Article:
Is global planning still relevant in a world of hyper-personalisation?
As long as there have been international corporations there have been multi-market strategies allowing major brands to maintain a place in consumers’ minds wherever they are. However, this type of strategy isn’t for every advertiser and doesn’t work for all campaigns. As we move forward into 2019 and agencies and brands are plotting their strategies for the year ahead, it’s imperative for them to think about whether international media planning could be used more effectively.
Local and personal campaigns don’t always sit right
The recent trend towards hyper-localised and personalised marketing has given advertisers opportunities to engage with consumers in much more relevant ways. No longer do we live in the days of the badly dubbed TV ad, we have the ability to tap into nuanced subcultures. Technology has given us the power to tweak and contextualise campaigns and subtly adapt creative and messaging.
However, brands must tread with caution. We’ve all seen campaigns turn into PR disasters, as translations haven’t been taken beyond Google or advertisers have not considered when and where their ads are being placed. A prime example of such a blunder was when grocery store Food Basics advertised for Sikh holiday Baisakhi and promoted Halal chicken (a Muslim product.) The learning here is that localised or personalised isn’t always the answer for every advertiser.
Multi-market campaigns are still impactful
Despite physical and political walls going up in recent years, the world is actually becoming more homogenous. The remarkable technological advancements of the past decade means we are seeing pictures from strangers all over the world in real-time through their mobile devices. Michael in Jakarta isn’t tweaking his Instagram post to make sure it lands in 17 different markets – he just sends it out and gets instant feedback that people like what they see. The idea that broad, multi-market campaigns can no longer tug on our emotions on a local level, is far from the truth.
If you want examples of this at a corporate level, take a look back at Fiat Chrysler Automobiles. You had two brands totally focused on their home markets, not too concerned with messaging that went further than their own borders. Suddenly, with the 500 for Fiat and Jeep with Chrysler, you had big global campaigns with consistent messaging that have been immensely successful, driving brand reach and awareness beyond what was thought possible.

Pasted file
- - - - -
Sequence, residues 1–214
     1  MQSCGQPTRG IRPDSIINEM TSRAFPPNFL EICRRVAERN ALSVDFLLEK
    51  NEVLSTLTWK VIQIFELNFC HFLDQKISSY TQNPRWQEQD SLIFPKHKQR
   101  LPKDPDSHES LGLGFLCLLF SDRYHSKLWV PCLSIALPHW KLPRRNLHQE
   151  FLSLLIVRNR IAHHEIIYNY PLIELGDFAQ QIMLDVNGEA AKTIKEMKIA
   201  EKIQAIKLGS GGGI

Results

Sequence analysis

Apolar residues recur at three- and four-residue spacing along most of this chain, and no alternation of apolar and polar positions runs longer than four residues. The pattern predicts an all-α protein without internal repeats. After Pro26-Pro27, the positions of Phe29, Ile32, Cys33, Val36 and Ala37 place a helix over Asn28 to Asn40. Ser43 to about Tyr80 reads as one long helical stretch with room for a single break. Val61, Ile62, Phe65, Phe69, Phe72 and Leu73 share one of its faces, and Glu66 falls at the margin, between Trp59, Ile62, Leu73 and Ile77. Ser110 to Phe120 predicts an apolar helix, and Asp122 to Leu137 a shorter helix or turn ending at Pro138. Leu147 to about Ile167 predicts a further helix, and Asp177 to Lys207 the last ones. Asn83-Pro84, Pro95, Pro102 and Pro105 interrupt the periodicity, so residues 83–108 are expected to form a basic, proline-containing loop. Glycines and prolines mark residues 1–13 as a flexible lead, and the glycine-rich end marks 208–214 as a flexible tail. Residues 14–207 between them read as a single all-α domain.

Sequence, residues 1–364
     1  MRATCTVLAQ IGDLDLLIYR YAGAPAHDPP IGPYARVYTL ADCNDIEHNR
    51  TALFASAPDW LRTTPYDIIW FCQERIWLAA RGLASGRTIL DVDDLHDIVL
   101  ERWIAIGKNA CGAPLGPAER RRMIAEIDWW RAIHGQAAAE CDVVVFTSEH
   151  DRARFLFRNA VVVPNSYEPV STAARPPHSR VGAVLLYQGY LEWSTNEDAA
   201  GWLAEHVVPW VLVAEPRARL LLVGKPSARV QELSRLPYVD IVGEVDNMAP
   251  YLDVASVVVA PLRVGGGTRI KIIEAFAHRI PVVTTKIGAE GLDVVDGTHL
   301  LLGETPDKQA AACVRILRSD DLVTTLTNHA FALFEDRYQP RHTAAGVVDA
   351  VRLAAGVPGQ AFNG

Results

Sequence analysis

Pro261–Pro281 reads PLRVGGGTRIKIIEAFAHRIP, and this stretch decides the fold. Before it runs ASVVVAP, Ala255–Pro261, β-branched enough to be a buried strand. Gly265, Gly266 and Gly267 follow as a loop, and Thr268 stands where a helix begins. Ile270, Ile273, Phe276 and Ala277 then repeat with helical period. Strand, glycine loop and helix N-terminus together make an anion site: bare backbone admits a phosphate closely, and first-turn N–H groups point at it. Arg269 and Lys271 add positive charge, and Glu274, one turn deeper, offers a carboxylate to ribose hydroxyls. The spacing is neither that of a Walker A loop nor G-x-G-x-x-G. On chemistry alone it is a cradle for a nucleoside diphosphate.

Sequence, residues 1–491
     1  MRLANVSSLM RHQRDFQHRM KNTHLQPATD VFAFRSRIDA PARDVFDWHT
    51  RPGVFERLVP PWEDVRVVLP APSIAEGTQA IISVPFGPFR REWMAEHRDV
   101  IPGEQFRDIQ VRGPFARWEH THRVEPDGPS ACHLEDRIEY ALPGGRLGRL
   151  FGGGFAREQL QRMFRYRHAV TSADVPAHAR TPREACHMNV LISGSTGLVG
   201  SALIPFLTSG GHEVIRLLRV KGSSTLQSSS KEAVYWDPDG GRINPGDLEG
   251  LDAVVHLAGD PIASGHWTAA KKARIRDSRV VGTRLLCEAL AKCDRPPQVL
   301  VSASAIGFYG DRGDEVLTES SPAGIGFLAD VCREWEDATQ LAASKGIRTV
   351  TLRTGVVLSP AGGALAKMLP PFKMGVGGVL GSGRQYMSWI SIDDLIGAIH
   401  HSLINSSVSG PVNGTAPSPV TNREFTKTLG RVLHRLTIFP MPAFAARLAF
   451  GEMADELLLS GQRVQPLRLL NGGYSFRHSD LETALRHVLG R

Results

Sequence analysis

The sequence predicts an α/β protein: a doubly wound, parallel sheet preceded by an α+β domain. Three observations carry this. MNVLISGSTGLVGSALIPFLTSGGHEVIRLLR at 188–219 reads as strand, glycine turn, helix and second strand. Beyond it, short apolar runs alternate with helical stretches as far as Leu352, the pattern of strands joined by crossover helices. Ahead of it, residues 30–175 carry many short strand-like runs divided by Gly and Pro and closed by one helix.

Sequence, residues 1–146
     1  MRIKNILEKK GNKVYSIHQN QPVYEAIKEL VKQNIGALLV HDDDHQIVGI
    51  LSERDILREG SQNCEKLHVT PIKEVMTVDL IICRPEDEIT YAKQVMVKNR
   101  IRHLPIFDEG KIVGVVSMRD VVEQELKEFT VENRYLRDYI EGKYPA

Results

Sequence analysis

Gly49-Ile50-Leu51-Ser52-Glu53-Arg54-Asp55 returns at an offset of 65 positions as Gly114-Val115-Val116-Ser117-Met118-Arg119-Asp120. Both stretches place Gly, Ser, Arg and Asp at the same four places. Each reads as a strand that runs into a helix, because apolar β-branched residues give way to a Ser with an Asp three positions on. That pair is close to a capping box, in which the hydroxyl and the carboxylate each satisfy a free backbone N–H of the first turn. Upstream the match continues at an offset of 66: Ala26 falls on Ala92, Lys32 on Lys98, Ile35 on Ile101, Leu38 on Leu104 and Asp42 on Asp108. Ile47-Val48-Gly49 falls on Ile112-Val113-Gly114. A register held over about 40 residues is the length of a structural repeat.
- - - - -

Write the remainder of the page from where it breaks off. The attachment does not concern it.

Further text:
The point here is that brands must tread carefully. No one wants to have their cultural values flattened. However, if you elevate your creative and media strategy above that – to touch on emotions and trends that sit on a human level, you can have immense levels of success. For example, Mindshare worked with Ford to launch a tech-based study that gathered data from the brains of professional racers as well as regular drivers through a VR simulation. The aim of the experience was to explore mental performance while driving, something no other auto brand had investigated before. The findings were used as part of a native content campaign that spanned across several markets, which saw great results.
Setting up centralised hubs to improve productivity
Having consolidated technology teams working with a dedicated agency set-up on a multi-market level can have a hugely positive impact on time and costs and having centralised hubs to attract and retain talent and clients, can be a real asset. One of the reasons Mindshare is able to work with big multinational clients is because we have local resources all over the world but we also have the ability to attract the best talent through our central hubs. It also delivers the client consistency.
Whatever model you use – someone needs to be able to compare apples to apples, a centralised data point where either client or agency is able to look at where campaigns are doing well and understand why that’s happening. It’s vital to work with partners who understand that way of working.
Consider partnerships with global media brands
Finally, multi-market planning gives you the chance to pair campaigns with global media brands that have similar values – ensuring your messaging is landing in the right place wherever you are. For example, Teads has recently penned global deals with the BBC and The Economist, so if you are looking for consistent audiences and environments to deliver those truly human moments, look for partners that can best help you hit those KPIs.
International brand campaigns may have fallen out of favour in recent times, with tightly knitted geo-focused ones replacing them – and there is nothing wrong with that. Nevertheless, as boards take a closer look at ROI for the year ahead and consumers demand brand purpose, it’s time to think about whether multi-market could serve you better.
This piece was written by Paolo Mulè, head of international and new markets for Teads, following a conversation with Nick Gannushkin, Global Digital Lead, Mindshare.
This article was originally published on The Drum